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Tuesday
Aug082017

The History of  Travel

If there’s one thing that has followed humanity through our existence, it’s our need to move around and see new places. From early humans migrating away from their African homeland to gap year students leaving behind their hometowns in search of adventure, one thing is clear: we have always loved to travel.

Recreational and educational travel can be traced back to the classical world, and in some cases even further. During the pharaonic times, wealthy Egyptians traveled to to visit monuments and relics, whilst the ancient Greeks also traveled for leisure, visiting musical and sporting competitions or visiting Delphi in order to question the Oracle. For classical Romans, the development of infrastructure and increasing social wealth meant that far away destinations were no longer unreachable and unaffordable. Thus came the birth of the touristic economy, and with it the rise of seaside resorts and spa retreats built to delight those belonging to the wealthy social stratas.

Flickr | ireneThe medieval ages saw a rise of commercial travel, driven by the desire to find trade routes between cities. Driven by religious convictions, pilgrims and missionaries traveled extensively in a bid to evangelise communities. At the same time, scholars increasingly engaged in educational travel as a means of spreading ideas and learning from others. The concept of travel morphed from pleasurable excursions or business trips into a more individual, personal journey of self-realisation. Documents dating back to the 16th century show that it was common for trainee craftsmen to embark on obligatory travel as part of their traineeship in order to reach maturity and gain life experience.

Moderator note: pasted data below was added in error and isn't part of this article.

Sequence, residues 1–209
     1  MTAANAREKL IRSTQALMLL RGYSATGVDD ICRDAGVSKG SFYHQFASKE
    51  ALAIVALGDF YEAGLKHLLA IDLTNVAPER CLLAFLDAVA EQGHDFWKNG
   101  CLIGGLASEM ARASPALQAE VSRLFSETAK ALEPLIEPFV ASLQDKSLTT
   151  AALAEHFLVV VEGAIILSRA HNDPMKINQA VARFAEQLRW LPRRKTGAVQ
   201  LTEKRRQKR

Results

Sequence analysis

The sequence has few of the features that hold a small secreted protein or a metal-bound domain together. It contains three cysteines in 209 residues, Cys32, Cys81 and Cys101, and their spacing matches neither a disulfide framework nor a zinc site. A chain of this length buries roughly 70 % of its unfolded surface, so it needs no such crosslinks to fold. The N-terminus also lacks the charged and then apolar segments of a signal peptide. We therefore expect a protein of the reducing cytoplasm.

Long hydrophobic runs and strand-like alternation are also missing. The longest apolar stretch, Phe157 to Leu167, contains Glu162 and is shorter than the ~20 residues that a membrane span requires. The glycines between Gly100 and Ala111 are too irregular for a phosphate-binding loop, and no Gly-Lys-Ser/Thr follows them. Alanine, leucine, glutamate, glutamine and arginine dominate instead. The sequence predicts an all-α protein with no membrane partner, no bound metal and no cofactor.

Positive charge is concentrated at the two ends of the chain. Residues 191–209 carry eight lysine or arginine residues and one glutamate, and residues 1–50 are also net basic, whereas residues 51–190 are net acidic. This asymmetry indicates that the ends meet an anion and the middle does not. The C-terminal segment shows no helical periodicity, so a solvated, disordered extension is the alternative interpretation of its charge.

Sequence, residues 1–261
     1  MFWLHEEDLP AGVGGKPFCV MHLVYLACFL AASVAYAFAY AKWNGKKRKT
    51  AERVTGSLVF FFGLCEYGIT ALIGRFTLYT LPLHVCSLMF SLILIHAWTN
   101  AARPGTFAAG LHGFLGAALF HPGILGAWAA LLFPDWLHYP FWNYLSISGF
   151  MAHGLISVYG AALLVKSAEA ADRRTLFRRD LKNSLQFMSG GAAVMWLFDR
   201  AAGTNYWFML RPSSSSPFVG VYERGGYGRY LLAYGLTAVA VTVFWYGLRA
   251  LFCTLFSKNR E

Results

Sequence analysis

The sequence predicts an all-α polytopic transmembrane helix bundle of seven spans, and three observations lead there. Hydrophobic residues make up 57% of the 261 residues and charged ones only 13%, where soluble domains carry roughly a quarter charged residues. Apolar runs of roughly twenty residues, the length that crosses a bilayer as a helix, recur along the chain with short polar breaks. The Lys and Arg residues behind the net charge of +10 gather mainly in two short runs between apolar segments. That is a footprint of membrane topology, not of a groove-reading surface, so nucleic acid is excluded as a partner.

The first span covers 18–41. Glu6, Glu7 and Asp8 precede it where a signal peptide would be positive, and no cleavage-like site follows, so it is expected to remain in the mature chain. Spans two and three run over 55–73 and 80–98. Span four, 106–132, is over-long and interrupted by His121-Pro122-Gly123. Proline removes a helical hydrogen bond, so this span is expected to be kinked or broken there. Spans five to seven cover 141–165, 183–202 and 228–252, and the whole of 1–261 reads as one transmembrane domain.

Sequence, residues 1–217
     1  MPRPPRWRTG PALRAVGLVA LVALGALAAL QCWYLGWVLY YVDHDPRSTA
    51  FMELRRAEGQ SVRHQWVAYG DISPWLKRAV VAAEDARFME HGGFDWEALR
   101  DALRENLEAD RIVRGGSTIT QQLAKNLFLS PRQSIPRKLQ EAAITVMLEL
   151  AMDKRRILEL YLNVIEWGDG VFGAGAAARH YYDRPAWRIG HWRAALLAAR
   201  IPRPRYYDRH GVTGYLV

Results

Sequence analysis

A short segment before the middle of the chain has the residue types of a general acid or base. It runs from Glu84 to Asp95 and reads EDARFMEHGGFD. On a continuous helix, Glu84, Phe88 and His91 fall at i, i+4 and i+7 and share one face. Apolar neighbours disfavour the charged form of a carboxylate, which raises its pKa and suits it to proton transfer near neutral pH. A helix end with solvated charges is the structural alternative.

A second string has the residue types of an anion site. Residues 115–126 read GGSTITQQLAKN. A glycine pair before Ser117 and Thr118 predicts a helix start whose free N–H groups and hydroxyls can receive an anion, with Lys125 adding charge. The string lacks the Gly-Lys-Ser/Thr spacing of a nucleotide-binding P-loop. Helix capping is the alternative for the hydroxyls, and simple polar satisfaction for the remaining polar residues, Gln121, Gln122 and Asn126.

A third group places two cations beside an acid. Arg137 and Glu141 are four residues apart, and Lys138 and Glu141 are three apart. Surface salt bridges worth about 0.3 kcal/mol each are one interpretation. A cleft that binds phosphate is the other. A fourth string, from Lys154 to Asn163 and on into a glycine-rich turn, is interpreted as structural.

The 16th to 18th centuries saw the birth of extensive, long-term travel amongst the European aristocracies. Such “grand tours” saw young nobles embark on immaculately detailed journeys to European cultural hubs and sites such as Paris and Rome. For a period of one to three years, the wealthy individuals traveled with full entourage: including servants, tutors and mentors, seeking a well-rounded education and social etiquette. Whilst travel was driven mostly by a thirst for cultural and social superiority and therefore limited to only the highest social stratas, the age of Enlightenment spread this form of educational travel to the intellectual middle classes.

Flickr | Hamza ButtThe creation of the first major central European transport system, namely the development of railways, majorly changed the game. The increased mobility that railways provided gave middle and lower classes the chance to go on short trips - particularly during the time of industrialisation and urbanisation, it became increasingly popular to leave the city for a few days: the 19th century version of a city break had been born. Now that travel had been spread to most social classes, the phenomenon of mass tourism truly came alive, with entrepreneurs like Thomas Cook organising large-scale, all-inclusive trips that were popular amongst both the upper and middle classes. Furthermore, the age of Romanticism re-ignited the human affinity for nature, seeing a rise of nature retreats and the popularisation of mountaineering associations.

Finally, the period after the Second World War initiated a new travel phase that was to further revolutionise exploration: air travel. Whilst at first this form of transport was available only to the wealthy, it rapidly became more accessible and affordable as it grew in popularity. Thus, the commencement of international mass tourism and of course the phenomenon of globalisation brought about great social changes. Nowadays, we can see modern-day versions of historic travel trends reflected in current society. We still strive to broaden our horizons and cultural knowledge through exploration - travel is still considered an individualistic journey that can greatly contribute to one’s quality of life. While “grand tours” are no longer an aristocratic undertaking, the gap year trend reflects a similar desire to embark on a more individualistic journey through different parts of the world. Travel has shaped society, culture, politics and economics - and in further years this trend is bound to grow.

By Laura Hallensleben - Online Journalism Intern

Frontier runs conservationdevelopmentteaching and adventure travel projects in over 50 countries worldwide - so join us and explore the world!

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